The leader of the Wagner mercenary group has defended his short-lived insurrection in an audio statement, after Russian defence minister Sergei Shoigu made his first public appearance since the uprising that demanded his removal.

In an 11-minute audio statement, rebellion leader Yevgeny Prigozhin denied trying to attack the Russian state and said he acted in response to an attack that killed 30 of his fighters.

“We started our march because of an injustice,” he said in a recording that gave no details about where he is or what his future plans are.

Mr Prigozhin taunted the Russian military, calling his march a “master class” on how it should have carried out the invasion of Ukraine.

Prigozhin poses for selfie
Yevgeny Prigozhin sits inside a military vehicle posing for a selfie with a civilian in Rostov-on-Don, Russia (AP)

He also mocked the military for failing to protect the country, pointing out security breaches that allowed Wagner to march 500 miles without facing resistance and block all military units on its way.

The video of Mr Shoigu inspecting Russian troops was aimed at projecting a sense of order after the country’s most serious political crisis in decades, but uncertainty still swirled about his fate, as well as that of Mr Prigozhin and his private army, the impact on the war in Ukraine, and even the political future of President Vladimir Putin.

A feud between Mr Prigozhin and Russia’s military leaders which has festered throughout the war erupted into a mutiny that saw the mercenaries leave Ukraine to seize a military headquarters in a southern Russian city and roll seemingly unopposed for hundreds of miles towards Moscow, before turning around on Saturday after less than 24 hours.

The Kremlin said it had made a deal for Mr Prigozhin to move to Belarus and receive amnesty, along with his soldiers. There was no confirmation of his whereabouts on Monday, although a popular Russian news channel on Telegram reported he was seen at a hotel in the Belarusian capital, Minsk.

Russian media reported a criminal investigation against Mr Prigozhin was continuing, and some legislators called for serious punishment.

In a return to at least superficial normality, Moscow’s mayor announced an end to a “counter-terrorism regime” imposed on the capital on Saturday when troops and armoured vehicles set up checkpoints on the outskirts and authorities tore up roads leading into the city.

The Defence Ministry video of Mr Shoigu came as Russian media speculated that he and other military leaders had lost Mr Putin’s confidence and could be replaced.

Sergei Shoigu
The Wagner Group chief had called for Mr Shoigu to be removed from his post (Russian Defence Ministry Press Service/AP)

Mr Shoigu was shown in a helicopter and then meeting officers at a military headquarters in Ukraine in video broadcast on Russian media, including state-controlled television. It was unclear when it was shot.

General Staff chief General Valery Gerasimov, also a target of Mr Prigozhin’s anger, has not appeared in public.

It was unclear what would ultimately happen to Mr Prigozhin and his forces under the deal purportedly brokered by Belarusian President Alexander Lukashenko.

Though his mutiny was brief, it was not bloodless. Russian media reported that several military helicopters and a military communications plane were shot down by Wagner forces, killing at least 15.

Mr Prigozhin expressed regret for downing the aircraft but said they were bombing his convoys.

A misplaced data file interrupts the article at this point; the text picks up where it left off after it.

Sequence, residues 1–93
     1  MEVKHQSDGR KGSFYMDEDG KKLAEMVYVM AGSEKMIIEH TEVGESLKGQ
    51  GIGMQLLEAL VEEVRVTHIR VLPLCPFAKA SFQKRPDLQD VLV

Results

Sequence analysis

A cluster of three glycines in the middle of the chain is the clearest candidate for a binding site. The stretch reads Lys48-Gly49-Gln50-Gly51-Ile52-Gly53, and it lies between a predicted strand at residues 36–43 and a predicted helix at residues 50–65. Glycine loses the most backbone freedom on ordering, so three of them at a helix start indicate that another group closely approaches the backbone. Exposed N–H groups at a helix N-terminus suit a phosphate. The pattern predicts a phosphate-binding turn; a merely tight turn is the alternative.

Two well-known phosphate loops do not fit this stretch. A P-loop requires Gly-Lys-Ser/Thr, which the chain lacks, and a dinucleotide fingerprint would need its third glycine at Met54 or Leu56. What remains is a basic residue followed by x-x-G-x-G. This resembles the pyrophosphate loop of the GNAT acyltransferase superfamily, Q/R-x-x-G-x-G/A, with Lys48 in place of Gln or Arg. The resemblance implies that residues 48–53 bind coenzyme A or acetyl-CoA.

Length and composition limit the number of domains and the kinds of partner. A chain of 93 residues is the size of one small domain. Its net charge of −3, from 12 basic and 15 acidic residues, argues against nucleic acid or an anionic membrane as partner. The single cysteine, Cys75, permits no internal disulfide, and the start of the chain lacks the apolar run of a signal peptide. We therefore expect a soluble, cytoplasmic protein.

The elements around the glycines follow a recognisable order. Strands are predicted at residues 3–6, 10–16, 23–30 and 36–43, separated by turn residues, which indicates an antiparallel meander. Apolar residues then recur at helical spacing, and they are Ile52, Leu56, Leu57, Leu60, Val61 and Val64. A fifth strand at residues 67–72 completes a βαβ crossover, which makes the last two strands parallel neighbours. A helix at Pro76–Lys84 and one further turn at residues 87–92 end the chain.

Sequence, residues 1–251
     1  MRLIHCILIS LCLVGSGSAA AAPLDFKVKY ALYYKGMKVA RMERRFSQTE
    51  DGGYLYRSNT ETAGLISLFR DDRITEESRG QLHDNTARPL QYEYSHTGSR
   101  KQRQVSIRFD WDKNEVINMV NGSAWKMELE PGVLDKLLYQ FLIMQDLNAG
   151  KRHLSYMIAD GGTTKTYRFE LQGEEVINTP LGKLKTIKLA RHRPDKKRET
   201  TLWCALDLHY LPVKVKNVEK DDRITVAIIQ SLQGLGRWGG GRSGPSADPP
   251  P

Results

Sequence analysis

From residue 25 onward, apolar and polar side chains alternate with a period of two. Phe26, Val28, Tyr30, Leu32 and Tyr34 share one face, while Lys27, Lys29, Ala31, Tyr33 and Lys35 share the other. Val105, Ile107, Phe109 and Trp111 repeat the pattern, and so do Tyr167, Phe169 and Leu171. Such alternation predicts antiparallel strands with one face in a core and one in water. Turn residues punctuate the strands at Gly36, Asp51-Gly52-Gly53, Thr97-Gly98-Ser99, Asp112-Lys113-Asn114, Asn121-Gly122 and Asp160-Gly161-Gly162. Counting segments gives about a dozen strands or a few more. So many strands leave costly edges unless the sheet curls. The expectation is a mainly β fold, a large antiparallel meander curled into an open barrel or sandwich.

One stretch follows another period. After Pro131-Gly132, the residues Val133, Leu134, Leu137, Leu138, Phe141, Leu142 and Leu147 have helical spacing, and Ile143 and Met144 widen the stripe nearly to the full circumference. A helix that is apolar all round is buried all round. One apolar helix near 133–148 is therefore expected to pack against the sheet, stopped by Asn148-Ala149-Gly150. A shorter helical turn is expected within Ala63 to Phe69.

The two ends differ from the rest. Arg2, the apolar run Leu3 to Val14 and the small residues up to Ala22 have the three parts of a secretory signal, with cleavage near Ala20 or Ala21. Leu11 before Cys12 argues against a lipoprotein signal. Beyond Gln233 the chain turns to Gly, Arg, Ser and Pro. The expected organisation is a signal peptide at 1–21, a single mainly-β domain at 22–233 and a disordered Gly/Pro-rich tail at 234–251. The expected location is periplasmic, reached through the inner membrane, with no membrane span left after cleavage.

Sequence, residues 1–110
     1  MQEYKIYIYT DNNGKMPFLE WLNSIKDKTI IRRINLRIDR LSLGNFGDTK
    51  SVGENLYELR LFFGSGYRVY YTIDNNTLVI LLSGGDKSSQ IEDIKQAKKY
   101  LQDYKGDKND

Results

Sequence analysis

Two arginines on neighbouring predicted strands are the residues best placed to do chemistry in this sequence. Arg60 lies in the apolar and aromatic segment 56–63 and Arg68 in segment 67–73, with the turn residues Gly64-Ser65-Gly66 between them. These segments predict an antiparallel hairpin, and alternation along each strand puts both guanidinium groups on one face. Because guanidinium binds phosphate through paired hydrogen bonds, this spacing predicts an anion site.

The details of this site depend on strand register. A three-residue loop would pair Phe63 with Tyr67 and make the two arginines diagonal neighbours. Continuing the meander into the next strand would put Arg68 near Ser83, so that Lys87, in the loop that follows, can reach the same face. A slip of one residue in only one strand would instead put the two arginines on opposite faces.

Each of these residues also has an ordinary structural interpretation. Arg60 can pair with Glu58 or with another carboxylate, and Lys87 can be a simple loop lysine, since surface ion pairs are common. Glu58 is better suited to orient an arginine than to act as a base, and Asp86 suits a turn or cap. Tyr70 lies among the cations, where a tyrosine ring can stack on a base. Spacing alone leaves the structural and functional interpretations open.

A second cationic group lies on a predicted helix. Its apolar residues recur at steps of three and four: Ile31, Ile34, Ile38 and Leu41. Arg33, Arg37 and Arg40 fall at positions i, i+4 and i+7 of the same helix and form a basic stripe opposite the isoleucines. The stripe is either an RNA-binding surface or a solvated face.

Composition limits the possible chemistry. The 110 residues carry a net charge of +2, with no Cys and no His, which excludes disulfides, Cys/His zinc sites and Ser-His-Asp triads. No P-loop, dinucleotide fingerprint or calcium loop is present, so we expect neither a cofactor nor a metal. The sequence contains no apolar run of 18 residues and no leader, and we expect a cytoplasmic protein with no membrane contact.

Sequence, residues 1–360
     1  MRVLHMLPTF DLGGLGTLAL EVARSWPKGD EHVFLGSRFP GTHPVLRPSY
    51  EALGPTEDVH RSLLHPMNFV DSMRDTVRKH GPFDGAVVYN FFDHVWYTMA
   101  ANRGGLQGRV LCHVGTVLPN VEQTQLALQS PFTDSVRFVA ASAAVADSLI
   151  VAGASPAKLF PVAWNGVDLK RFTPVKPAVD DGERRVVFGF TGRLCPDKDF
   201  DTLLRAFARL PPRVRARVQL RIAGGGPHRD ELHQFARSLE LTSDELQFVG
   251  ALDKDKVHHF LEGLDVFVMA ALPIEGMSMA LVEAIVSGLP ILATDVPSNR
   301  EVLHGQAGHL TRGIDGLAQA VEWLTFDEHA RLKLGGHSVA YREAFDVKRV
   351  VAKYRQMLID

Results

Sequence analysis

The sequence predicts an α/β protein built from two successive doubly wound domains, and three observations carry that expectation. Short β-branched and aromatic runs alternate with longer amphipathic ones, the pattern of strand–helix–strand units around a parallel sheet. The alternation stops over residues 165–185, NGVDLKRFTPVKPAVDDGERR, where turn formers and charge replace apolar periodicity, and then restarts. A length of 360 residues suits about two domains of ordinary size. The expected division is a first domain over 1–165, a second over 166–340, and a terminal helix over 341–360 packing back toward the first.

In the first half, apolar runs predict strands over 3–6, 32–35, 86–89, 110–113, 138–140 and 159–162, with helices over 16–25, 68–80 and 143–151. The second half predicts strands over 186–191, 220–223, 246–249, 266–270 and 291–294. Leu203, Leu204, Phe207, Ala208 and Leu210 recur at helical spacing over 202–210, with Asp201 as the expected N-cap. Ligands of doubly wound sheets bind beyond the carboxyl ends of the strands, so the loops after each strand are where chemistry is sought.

Russia’s Defence Ministry has denied attacking Wagner’s camp, and the US had intelligence that Mr Prigozhin had been building up his forces near the border with Russia for some time, suggesting the revolt was planned.

Russia’s RIA Novosti state news agency cited unidentified sources in the Prosecutor General’s office as saying the criminal case against Mr Prigozhin has not been closed, despite earlier Kremlin statements. The Interfax news agency carried a similar report.

Russian media reported that Wagner offices in several Russian cities had reopened on Monday and the company had resumed enlisting recruits.

Several Russian legislators called for tight regulations on private military companies under a new law, and some argued that Mr Prigozhin must be punished.

Before the uprising, he had condemned Mr Shoigu and Gen Gerasimov with expletive-ridden insults for months, attacking them for failing to provide his troops with enough ammunition during the fight for the Ukrainian town of Bakhmut, the war’s longest and bloodiest battle.

His rift with the military dates back years, to Russia’s intervention in Syria, where Wagner forces were also active.

Vladimir Putin
Mr Putin addressed the nation on Saturday before the rebellion was called off (Sputnik/Kremlin Pool Photo/AP)

Mr Putin stood back from the feud and Mr Shoigu and Gen Gerasimov remained quiet, possibly reflecting uncertainty about the president’s support. Observers said that by failing to end the feud, Mr Putin had encouraged Mr Prigozhin to raise the stakes dramatically.

Mr Putin held calls on Monday with the leaders of Iran and Qatar, the Kremlin said, and addressed a forum of youth engineers in a recorded video message that contained no mention of the mutiny.

It is not yet clear what the fissures opened by the 24-hour rebellion will mean for the war in Ukraine, where western officials say Russia’s troops suffer low morale. Wagner’s forces were key to Russia’s only land victory in months, in Bakhmut.

The UK Ministry of Defence said on Monday that Ukraine had “gained impetus” in its push around Bakhmut, making progress north and south of the town. Ukrainian forces claimed to have retaken Rivnopil, a village in an area of south-east Ukraine that has seen heavy fighting.